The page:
No differences in the mean weight supported by the hind limbs (left [unoperated] versus right [operated] legs) were observed following treatment with either vehicle or Scl-Ab (Figure 5E). In addition, no difference in the total percentage of hind-limb force supported by the operated (injured) leg was observed following treatment with either vehicle or Scl-Ab (Figure 5E).
Intraarticular effects of Scl-Fab in the rat MMT model of OA.
The sclerostin-neutralizing activity of Scl-Fab was confirmed to be as effective as that of the parent Scl-Ab IgG in the rat MMT model of OA (Figure 6A). In contrast, preincubation with KLH-Fab had no effect on the Wnt inhibitory activity of sclerostin. Similar to our observations following treatment with Scl-Ab, there were no overt gross histologic differences between the control-treated groups and Scl-Fab–treated group (Figure 6B). No subchondral bone sclerosis was observed following local delivery of Scl-Fab. Furthermore, quantitative assessment of lesion severity revealed no significant effect of Scl-Fab on cartilage destruction or osteophyte formation when compared to that in the control groups (Figure 6C).
The dose of Scl-Ab used, when administered systemically, results in a maximum concentration (Cmax) of ∼200 μg/ml and >10,000-fold coverage of the target in the circulation (results not shown). The estimated Cmax for Scl-Fab, when administered via the IA route, is ∼7.7 mg/ml, suggesting that the Scl-Fab is present in very large excess to satisfy local target coverage. However, we do not have any data on the local concentration of sclerostin protein and the potential of the Scl-Fab to penetrate damaged cartilage as occurs in the rat MMT model.
Similar to the results reported above for Scl-Ab, the effects of Scl-Fab treatment on weight-bearing showed no difference when compared to either the vehicle-treated controls or the KLH-Fab–treated controls (Figure 6D). Moreover, there were no differences in gait between the treatment groups (results not shown).
The present study provides evidence of the expression of sclerostin mRNA and protein in rodent and human articular chondrocytes, including human OA cartilage. However, in contrast to the in vitro chondroprotective effects of sclerostin that have been reported previously (27), the current in vivo studies showed that neither genetic loss of sclerostin in mice nor pharmacologic inhibition of sclerostin in intact male or OVX female rats had an impact, implying that sclerostin may not have a critical role in articular cartilage. Furthermore, pharmacologic treatment of rats with Scl-Ab or Scl-Fab following MMT surgery also did not appear to affect either the histopathologic features of the knee joints or the development of cartilage lesions.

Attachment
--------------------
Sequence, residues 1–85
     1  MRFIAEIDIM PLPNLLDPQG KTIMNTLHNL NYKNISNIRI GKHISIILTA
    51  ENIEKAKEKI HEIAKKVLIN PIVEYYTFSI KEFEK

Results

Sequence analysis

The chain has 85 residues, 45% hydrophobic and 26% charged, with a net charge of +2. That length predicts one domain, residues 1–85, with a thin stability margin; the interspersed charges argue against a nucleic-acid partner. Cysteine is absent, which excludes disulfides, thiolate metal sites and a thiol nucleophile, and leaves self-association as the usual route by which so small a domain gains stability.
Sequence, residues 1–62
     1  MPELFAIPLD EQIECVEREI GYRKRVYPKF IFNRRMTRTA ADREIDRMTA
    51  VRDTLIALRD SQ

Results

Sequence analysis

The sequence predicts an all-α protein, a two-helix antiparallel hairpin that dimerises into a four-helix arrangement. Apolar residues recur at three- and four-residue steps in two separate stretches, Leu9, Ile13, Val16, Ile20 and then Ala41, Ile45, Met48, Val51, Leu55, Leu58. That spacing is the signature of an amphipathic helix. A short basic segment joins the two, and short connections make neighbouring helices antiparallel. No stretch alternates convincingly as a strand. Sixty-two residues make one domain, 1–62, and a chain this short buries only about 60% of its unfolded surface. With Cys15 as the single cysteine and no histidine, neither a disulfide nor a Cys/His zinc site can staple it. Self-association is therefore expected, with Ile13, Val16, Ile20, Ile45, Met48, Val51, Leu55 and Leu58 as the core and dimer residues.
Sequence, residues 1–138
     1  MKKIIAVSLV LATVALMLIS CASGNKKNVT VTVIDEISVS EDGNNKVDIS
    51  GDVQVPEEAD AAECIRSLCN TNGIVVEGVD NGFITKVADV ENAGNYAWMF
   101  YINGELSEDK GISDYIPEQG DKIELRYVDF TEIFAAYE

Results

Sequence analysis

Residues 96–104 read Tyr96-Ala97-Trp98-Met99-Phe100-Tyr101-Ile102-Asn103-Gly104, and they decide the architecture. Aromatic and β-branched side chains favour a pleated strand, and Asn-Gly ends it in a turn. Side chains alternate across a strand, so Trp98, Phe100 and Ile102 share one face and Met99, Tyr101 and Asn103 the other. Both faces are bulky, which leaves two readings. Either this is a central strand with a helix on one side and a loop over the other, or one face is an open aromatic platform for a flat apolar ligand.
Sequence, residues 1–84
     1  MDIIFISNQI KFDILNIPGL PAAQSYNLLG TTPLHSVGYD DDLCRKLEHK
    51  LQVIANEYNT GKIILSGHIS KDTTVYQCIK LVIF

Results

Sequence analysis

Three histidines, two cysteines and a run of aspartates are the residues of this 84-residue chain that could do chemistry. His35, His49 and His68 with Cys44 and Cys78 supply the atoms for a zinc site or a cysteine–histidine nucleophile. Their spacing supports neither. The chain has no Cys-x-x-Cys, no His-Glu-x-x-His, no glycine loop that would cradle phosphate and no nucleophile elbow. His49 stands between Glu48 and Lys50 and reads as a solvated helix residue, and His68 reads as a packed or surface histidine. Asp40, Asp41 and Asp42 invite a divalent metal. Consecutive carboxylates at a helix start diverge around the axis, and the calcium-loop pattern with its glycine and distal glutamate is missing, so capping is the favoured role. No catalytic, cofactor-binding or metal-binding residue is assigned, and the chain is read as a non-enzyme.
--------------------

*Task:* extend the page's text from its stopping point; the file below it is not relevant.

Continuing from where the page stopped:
Expression of sclerostin is typically associated with osteocytes, particularly the more mature osteocytes that are surrounded by a mineralized matrix (35, 36). Nevertheless, some studies have demonstrated sclerostin expression in other cell types, such as hypertrophic chondrocytes in the growth plate and cementocytes (37–39). A recent study provided strong evidence for sclerostin expression in cartilage, particularly in the deeper chondrocyte cell layers of murine articular cartilage (27), and results of the present study support this finding. Species differences in the local regulation of sclerostin expression could explain the apparent regional differences observed in sclerostin expression between rodent and human cartilage. Since mechanical loading is known to influence sclerostin expression in bone, and loading is known to affect signal transduction in articular cartilage, it is possible that unique loading signals associated with different zonal regions in the articular cartilage may contribute to species-specific regulation of sclerostin expression.
In addition to the observations in normal human chondrocytes, strong sclerostin staining was also evident in the chondrocyte clusters that are often observed in damaged OA articular cartilage. This finding also supports the recent report describing the expression of sclerostin in some, but not all, human OA cartilage samples examined (27). Wnt signaling may play a role in this pathogenic adaptive response, as was demonstrated by the increased β-catenin activity observed in the Hartley guinea pig model of OA (40) and also in human OA cartilage (17, 41, 42). In addition, constitutively active β-catenin expression has been shown to accelerate cartilage destruction and the onset of OA in mice (17). However, in contrast to the activation of β-catenin, previous studies also showed that inhibition of β-catenin can lead to destruction of articular cartilage and increased chondrocyte apoptosis (43, 44).
When sclerostin expression was correlated with OA lesion severity in human OA cartilage specimens, there was no obvious relationship suggesting a role for sclerostin in the pathogenesis of OA. Previously, it was reported that sclerostin expression was modestly reduced in bone from lumbar zygapophyseal joints (45) and in femoral neck biopsy samples from human OA specimens (46), but a similar response was not observed in the human knee joint specimens in the current study. In agreement with our present findings, one study found that sclerostin expression appeared to be unchanged in the bone tissue of patients with OA, despite changes in other Wnt pathway genes (47). Our findings, based on a combination of real-time PCR, in situ hybridization, and immunohistochemistry, are in contrast to the recent findings from a microarray analysis of human OA cartilage, which showed a 14-fold increase in sclerostin mRNA expression in OA cartilage biopsy specimens (48). It is not clear why those findings with regard to sclerostin mRNA expression differed from ours, but the differences could be related to patient heterogeneity, cartilage biopsy sampling differences, or differences in the assay methods used.